Remembering John Pat

Rally outside parliament

Rallies have been held around Australia to mark the 30th anniversary of the death of a 16-year-old Aboriginal boy.

John Pat's death in police custody in 1983 sparked the demand for a Royal Commission into Aboriginal Deaths in Custody.


The protesters have been questioning if anything has changed since.


Ryan Emery reports.


Protestors gather at the front of Western Australia's Parliament House.


They've come here to remember 16-year-old John Pat.


He died thirty years ago in police custody after a drunken brawl with off-duty police officers outside the Victoria Hotel in Roebourne, Western Australia.


His mother, Mavis Pat, is in the crowd.


"I'd like to see justice be done, you know. It's been so long and nothing has been done for it."


The protestors called for an apology from the state government.


Opposition MP Ben Wyatt, a descendant of the Yamajti people, tabled the motion in parliament and it was passed unanimously.


"I want it to be respectful, acknowledging the memory of John Pat. Acknowledging the fact that John Pat's family still grieve, they still mourn his loss and to bring to the attention of West Australians that the history of Aboriginal and non-Aboriginal people is how we still see the impact of laws, the impact of people's roles in society and I think people need to acknowledge that and the parliament's the right place really to have this discussion."


Journalist Jan Mayman was the first to cover John Pat's death.


She won a Gold Walkley for the story and subsequent coverage.


Her teacher friend had been told about John Pat's death and urged her to investigate.


Mayman flew to the north western town, which had, and still does, a mainly Aboriginal population.


"Well, it was night time and I went to the local hotel. I was following the Aboriginal Legal Service lawyer around, but he didn't want to talk to me. And we were in the hotel dining room and I was pestering him and being really rude and a very big, tall, impressive Aboriginal man was looking and he could see what I was going on about. He came up to me, I'd never met him before, he just beckoned me and I sort of followed him out of the room and he led me to a hotel room and he had eight Aboriginal people, all men, and they were lined up sitting on two beds and he said tell her. And they all told me this shocking story of a brawl in the main street of Roebourne."


Mayman filed the story for The Age and it made the front page.


In 1983, it was rare for stories about Aboriginal people to get such coverage, but the paper backed their journalist and the story continued to gain prominence.


Another Mayman report - this one into the coronial inquest into John Pat's death - also gained the highest billing.


"One of my reports actually shared the front page with the Melbourne Cup. When I saw that I realised that Mike Smith, the editor at the day, thought it was an important story and this was evidence from a police sergeant who said in court 'when blacks gets angry and get stirred up, they tend to get all greasy, so we have to grab them by the hair'. And I had a photo that I had taken of one of these men who'd been all stirred up, and he actually had two large bald patches where his hair had been pulled out by somebody or another. It was a pretty good picture I must say, and that was on the front page of The Age too."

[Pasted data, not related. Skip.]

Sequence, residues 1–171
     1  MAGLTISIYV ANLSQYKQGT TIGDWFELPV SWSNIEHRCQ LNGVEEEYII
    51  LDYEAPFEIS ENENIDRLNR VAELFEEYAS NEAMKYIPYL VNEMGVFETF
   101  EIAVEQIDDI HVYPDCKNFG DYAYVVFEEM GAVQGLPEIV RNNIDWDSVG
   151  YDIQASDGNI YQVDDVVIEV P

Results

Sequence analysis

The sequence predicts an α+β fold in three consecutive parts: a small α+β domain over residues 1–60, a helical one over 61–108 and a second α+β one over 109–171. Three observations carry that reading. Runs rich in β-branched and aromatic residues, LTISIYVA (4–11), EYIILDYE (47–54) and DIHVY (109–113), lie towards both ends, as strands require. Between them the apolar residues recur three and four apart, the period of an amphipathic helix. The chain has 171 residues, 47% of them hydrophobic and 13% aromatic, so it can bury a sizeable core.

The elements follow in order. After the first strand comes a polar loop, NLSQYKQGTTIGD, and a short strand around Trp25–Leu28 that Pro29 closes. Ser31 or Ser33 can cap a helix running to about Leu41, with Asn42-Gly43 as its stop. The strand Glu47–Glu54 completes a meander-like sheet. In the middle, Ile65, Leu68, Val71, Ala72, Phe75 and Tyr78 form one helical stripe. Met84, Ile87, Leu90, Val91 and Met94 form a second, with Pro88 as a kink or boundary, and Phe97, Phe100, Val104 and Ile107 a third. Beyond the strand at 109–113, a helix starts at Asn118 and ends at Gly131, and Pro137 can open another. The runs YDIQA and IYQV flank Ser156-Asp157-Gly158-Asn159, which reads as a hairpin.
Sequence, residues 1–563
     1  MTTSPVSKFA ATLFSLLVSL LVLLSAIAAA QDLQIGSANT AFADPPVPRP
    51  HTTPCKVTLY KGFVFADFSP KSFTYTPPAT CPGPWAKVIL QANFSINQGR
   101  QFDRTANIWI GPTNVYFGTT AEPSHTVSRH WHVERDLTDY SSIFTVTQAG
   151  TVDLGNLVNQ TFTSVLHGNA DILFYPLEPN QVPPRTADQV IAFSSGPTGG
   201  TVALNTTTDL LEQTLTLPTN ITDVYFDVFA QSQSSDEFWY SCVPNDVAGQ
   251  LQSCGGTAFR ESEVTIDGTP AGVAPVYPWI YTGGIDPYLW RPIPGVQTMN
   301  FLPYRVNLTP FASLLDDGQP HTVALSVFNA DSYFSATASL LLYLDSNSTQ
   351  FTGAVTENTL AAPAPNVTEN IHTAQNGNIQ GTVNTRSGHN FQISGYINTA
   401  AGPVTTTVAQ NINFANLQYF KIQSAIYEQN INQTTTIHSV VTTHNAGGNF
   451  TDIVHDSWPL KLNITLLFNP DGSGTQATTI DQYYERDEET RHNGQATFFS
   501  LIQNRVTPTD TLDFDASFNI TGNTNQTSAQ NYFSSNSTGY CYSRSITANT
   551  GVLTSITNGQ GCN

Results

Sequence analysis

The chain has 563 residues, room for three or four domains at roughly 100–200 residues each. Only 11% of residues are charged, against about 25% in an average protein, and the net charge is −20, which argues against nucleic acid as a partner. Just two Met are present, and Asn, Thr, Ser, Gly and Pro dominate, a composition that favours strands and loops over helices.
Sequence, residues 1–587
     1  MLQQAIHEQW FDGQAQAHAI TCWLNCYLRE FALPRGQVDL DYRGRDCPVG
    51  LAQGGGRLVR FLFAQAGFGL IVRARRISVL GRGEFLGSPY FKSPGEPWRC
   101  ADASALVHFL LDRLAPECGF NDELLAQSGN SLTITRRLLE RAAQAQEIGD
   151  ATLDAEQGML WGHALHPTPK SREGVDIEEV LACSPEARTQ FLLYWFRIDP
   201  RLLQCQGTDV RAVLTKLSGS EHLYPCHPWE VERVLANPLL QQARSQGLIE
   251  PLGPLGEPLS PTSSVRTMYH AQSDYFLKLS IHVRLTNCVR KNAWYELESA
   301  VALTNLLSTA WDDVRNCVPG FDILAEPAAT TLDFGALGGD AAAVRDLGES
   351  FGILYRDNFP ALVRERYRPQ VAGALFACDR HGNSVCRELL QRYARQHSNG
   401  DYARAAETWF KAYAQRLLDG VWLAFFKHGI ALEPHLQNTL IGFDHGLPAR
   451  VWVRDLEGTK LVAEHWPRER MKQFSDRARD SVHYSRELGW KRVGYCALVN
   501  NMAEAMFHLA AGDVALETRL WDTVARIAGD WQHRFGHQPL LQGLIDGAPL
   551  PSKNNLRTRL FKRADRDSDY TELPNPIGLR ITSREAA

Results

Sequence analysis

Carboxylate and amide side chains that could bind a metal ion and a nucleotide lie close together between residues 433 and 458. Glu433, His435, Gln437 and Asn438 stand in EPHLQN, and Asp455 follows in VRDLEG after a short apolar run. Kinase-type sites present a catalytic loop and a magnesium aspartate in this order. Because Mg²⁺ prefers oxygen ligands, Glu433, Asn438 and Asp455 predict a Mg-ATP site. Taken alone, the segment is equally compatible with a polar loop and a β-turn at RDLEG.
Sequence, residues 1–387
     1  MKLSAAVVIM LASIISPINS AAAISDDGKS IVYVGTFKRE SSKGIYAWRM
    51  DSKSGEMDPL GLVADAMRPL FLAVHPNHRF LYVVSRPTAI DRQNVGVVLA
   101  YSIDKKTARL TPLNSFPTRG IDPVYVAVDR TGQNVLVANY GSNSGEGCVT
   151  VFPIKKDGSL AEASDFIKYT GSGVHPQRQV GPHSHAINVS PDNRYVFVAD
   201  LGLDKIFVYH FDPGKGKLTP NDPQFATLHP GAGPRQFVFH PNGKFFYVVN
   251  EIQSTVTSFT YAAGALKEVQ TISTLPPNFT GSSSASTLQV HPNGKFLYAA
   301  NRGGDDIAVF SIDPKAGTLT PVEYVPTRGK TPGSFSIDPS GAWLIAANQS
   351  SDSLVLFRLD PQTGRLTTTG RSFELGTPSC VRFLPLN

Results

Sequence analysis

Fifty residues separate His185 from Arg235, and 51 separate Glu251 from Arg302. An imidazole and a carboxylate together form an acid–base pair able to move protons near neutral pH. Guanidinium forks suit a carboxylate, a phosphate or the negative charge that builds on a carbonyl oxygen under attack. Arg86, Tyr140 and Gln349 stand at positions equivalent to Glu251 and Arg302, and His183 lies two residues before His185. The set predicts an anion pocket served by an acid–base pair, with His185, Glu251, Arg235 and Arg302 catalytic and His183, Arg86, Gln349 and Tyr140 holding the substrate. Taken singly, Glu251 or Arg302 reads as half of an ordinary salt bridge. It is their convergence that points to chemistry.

The inquest led to the four police officers and Aboriginal police aide involved in the brawl being charged with manslaughter.


They would be found not guilty.


Mayman's and other's reporting into John Pat's death and the subsequent legal wrangling sparked a public outcry that grew into the demands for a Royal Commission.


It began four years after John Pat's death.


The Royal Commission into Aboriginal deaths in custody made 339 recommendations in 1991 including arresting people only when there was no other way to sort out a problem.


Another recommendation was to use prison as the absolute last resort.


Critics, who also held rallies in Sydney and Melbourne, say things have not improved and point to cases of neglect or negligence.


In Western Australia, an Aboriginal man, Mr Ward, died in the back of a prison transport van of heatstroke in 2008.


The custodial officers failed to check the air-conditioning was working in the back of the van during the four-hour trip in the hot Goldfields of Western Australia.


Mr Ward's body temperature soared to 41 degrees and he couldn't be revived.


But Labor MP Ben Wyatt says positive steps have been made.


"I find the relationship between police and Aboriginal people has fundamentally changed since the death of John Pat. Certainly I'm not saying it's a perfect relationship. The number of Aboriginal people who end up in jail shows that there's issues to be resolved still, but certainly now when I move around Western Australia, one of the things I do is go and visit the police in remote communities or regional centres. The police that I speak to have a much more respectful relationship with Aboriginal people. They're much more aware of cultural obligations, but also much more aware of that often very cruel history between Aboriginal people and non-Aboriginal people. So things have changed fundamentally. It's never always perfect that's reality, but it's certainly changed a lot."


Feature by Ryan Emery



Source SBS Radio, World News Australia

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